epaselect epa05406521 A group of people participates in the  Gay Pride Parade in Bogota, Colombia, 03 July 2016.  EPA/Juan Jose Horta
epaselect epa05406521 A group of people participates in the Gay Pride Parade in Bogota, Colombia, 03 July 2016. EPA/Juan Jose Horta Juan Jose Horta

Is Bundaberg a gay-friendly city?

BUNDABERG is gay-friendly.

That's the word from local gay man Benji Wood, who said the region had made a dramatic turn for the better on attitudes towards gay people in the past seven years.

"We have a little bit of a history. In 2010, Bundaberg was one of the most homophobic towns in Australia,” he said.

"Since then there has been a great change in the general community's mindset.”

Mr Wood's comments come after news of the government's decision to hold a voluntary vote on same-sex marriage.

Coalition MPs have decided a postal vote on marriage equality will be held before November if they are unable to secure support for a traditional plebiscite in Parliament this week.

Prime Minister Malcolm Turnbull and Finance Minister Mathias Cormann announced the government's plans for the postal vote at Parliament House yesterday.

Mr Wood said he was all for marriage equality but thought the voluntary postal vote was "ridiculous” and "unfair”.

"It is a voluntary vote so not everyone has to do it, therefore there will be people out there that will be for it but may not vote,” he said.

"You then have a lot of lobbyists out there that will be voting against it.

"It is not a fair call.”

Mr Wood said he had many friends that had experienced hardship because current laws did not apply to same-sex couples.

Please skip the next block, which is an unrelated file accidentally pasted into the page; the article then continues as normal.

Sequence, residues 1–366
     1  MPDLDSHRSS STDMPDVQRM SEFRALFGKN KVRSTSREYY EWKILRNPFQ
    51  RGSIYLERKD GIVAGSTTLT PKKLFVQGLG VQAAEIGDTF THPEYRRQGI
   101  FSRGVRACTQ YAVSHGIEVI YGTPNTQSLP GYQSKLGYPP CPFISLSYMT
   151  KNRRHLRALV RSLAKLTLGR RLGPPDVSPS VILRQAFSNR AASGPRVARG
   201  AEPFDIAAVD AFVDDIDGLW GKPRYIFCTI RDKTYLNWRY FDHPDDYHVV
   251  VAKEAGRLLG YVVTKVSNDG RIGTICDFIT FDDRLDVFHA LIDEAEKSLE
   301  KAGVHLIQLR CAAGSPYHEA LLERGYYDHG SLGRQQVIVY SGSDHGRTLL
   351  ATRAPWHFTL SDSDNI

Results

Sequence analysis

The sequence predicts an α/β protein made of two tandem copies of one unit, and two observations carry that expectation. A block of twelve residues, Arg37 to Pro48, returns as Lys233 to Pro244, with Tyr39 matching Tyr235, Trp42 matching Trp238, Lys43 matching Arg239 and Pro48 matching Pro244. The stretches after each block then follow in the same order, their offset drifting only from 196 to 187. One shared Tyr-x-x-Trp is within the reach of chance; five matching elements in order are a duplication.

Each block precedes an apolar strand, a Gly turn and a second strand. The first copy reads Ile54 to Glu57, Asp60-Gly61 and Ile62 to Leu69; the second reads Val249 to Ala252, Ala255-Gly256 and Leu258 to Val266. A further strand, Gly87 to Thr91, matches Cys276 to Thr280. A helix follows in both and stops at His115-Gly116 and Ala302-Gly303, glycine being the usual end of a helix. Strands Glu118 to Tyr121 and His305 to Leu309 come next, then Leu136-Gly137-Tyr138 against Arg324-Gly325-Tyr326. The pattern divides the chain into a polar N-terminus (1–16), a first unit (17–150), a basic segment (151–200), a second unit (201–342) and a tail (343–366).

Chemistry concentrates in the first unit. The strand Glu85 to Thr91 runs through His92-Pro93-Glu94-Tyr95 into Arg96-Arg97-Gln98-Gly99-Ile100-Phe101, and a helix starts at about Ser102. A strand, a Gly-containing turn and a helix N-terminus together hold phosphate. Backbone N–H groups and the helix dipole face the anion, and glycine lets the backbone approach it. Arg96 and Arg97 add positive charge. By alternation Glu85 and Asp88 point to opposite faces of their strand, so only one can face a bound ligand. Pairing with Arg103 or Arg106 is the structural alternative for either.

"I have a belief in gay marriage because of the legalities behind it,” he said.

"I have seen my friends go through some horrible times - when someone is on life support and the family comes in and makes the decision because they have no leg to stand on because the laws don't recognise them as a married couple.

"They get pushed aside even though they have been together for 20 years.”

Mr Wood said he understood why certain groups did not agree with gay marriage but, for him, it wasn't about the big fancy wedding.

"The big hoo-ha about marriage being between a man or woman is fine, I get that some groups believe in that -fair enough,” he said.

"What I think we need is something that gives us the same legal rights as a married couple.”

Mr Wood, who helps run Heat Events, is active in the LGBTI community and urged gay people in Bundaberg to be proud of who they were.

"People are still very scared to come out or be comfortable with who they are in the public,” he said.

"They have a genuine fear they are still going to get bashed or name-called, but that generally isn't the case.”

As part of his work with Heat Events, Mr Wood organises gay-friendly events within the Wide Bay for people to mingle and meet one another.

"To them I say 'come along, it is not that bad'. We have been doing this for 12 months now and we haven't had a problem.”



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